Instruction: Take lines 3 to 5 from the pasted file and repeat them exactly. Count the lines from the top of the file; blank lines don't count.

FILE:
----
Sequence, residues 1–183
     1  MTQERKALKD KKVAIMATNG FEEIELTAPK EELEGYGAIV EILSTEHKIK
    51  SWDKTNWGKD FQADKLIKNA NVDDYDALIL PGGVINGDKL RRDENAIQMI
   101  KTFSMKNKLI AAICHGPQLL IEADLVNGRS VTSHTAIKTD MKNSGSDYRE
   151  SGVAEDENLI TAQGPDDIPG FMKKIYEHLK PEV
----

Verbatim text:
    51  SWDKTNWGKD FQADKLIKNA NVDDYDALIL PGGVINGDKL RRDENAIQMI
   101  KTFSMKNKLI AAICHGPQLL IEADLVNGRS VTSHTAIKTD MKNSGSDYRE
   151  SGVAEDENLI TAQGPDDIPG FMKKIYEHLK PEV